A lovely little girl was holding two apples with both hands.
Her mum came in and softly asked her little daughter with a smile: my sweetie, could you give your mum one of your two apples? The girl looked up at her mum for some seconds, then she suddenly took a quick bite on one apple, and then quickly on the other.
The mum felt the smile on her face freeze. She tried hard not to reveal her disappointment. Then the little girl handed one of her bitten apples to her mum, and said: mummy, here you are. This is the sweeter one.
Source: Munira Dhamani, The Thank You Bell
(Educreation Publishing; 1 edition, 2015) page 24
No matter who we are, how experienced we are, and how knowledgeable we think we are, it is always wise to delay judgment, not to quickly jump to conclusions, to give others the benefit of the doubt, and the opportunity to explain themselves.
The story is told that one day Frederick the Great, King of Prussia, visited a prison and talked with each of the inmates. There were endless tales of innocence, or misunderstood motives, and of exploitation. Finally the king stopped at the cell of a convict who remained silent.
“Well,” remarked Frederick, “I suppose you are an innocent victim too?”
“No, sir, I’m not,” replied the man. “I’m guilty and deserve my punishment.”
Turning to the warden, the king said, “Here, release this rascal before he corrupts all these fine innocent people in here!”
Source | William T. Golosn Jr, On the Matter of Relationships
(Xulon Press, 2007) page 216
Paul W. Powell once observed, “Pride is so subtle that if we aren’t careful we’ll be proud of our humility.”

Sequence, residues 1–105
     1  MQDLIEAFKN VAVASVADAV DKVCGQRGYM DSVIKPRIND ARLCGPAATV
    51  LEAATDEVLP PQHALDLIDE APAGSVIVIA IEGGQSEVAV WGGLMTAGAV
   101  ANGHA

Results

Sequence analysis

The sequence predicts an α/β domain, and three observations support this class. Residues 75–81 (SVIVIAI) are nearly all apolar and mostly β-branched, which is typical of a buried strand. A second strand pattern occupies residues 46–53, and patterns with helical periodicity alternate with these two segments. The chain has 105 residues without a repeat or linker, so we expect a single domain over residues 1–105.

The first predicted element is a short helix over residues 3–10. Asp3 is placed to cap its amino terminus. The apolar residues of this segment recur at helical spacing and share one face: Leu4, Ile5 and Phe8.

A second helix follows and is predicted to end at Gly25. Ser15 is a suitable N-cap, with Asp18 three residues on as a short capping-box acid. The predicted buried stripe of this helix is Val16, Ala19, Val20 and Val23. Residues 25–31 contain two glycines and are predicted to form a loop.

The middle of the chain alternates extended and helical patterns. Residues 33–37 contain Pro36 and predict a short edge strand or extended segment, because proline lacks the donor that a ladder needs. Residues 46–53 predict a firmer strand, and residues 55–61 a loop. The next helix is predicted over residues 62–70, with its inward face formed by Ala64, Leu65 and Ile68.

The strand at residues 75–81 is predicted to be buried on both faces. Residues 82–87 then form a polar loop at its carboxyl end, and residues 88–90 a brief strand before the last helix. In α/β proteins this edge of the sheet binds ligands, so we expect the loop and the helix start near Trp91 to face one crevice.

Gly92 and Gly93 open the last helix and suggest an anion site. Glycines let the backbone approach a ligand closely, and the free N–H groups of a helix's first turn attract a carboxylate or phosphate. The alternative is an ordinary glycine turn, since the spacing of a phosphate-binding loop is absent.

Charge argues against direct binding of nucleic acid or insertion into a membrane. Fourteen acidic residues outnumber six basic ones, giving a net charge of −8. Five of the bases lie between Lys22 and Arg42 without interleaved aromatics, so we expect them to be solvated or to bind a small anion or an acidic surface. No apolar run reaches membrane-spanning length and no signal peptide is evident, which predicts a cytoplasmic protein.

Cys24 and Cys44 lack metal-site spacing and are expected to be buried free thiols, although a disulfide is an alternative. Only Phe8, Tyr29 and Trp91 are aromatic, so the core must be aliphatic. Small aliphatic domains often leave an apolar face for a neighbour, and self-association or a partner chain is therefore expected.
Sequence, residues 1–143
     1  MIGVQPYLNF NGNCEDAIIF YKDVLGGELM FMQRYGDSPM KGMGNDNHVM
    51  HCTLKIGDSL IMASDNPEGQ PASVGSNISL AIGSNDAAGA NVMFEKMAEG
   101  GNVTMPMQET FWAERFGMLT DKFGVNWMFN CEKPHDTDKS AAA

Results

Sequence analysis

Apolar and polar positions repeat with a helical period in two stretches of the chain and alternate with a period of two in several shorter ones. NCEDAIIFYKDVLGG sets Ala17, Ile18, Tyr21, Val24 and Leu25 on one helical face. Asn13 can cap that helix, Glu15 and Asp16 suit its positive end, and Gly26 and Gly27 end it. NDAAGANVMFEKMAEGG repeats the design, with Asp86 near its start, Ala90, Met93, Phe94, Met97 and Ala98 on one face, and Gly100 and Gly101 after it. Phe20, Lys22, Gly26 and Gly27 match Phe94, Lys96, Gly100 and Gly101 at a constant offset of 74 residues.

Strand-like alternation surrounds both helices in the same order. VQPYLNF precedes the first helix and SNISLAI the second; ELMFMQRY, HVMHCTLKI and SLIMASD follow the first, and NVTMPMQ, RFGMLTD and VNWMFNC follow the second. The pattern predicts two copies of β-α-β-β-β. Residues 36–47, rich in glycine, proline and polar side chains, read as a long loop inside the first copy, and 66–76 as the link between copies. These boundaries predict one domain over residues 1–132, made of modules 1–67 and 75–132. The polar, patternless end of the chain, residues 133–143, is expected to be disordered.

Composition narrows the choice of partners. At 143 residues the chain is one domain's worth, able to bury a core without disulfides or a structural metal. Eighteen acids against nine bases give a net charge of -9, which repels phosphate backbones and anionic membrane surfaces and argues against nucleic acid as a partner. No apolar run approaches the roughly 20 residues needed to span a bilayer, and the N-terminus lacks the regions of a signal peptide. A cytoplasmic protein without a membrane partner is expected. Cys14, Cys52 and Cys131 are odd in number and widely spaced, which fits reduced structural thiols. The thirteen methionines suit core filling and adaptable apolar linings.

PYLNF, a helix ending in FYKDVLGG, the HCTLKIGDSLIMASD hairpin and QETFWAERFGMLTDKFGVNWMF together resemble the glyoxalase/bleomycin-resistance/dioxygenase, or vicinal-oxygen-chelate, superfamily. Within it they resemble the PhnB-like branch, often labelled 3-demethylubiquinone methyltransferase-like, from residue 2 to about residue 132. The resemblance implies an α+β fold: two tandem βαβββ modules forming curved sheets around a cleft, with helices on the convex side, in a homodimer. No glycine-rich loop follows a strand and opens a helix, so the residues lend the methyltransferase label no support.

When this happens our goodness becomes badness. Our virtues become vices. We can easily become like the Sunday School teacher who, having told the story of the Pharisee and the publican (Luke 18:9-14), said, ‘Children, let’s bow our heads and thank God we are not like the Pharisee!’
An eight-year-old boy had a younger sister who was dying of leukaemia, and he was told that without a blood transfusion she would die. His parents explained to him that his blood was probably compatible with hers, and if so, he could be the blood donor. They asked him if they could test his blood. He said sure. So they did and it was a good match. Then they asked if he would give his sister a pint of blood, that it could be her only chance of living. He said he would have to think about it overnight.
The next day he went to his parents and said he was willing to donate the blood. So they took him to the hospital where he was put on a gurney beside his six-year-old sister. Both of them were hooked up to IVs. A nurse withdrew a pint of blood from the boy, which was then put in the girl’s IV. The boy lay on his gurney in silence while the blood dripped into his sister, until the doctor came over to see how he was doing. Then the boy opened his eyes and asked, “How soon until I start to die?”
PONDER AND CONSIDER
- We have to learn how to die before we die so that when we die we won’t die!
- Dying is about giving, giving your life! Rarely is one asked to give up his own life for someone else. Yet, we are invited daily to make decisions to love and forgive one another. This withholding of judgement, giving the benefit of the doubt, unconditional forgiveness are all part of the “dying before we die”.
- Fullness of life is about giving. Giving freely to the world, what has been given to us – to give. Giving with childlike innocence.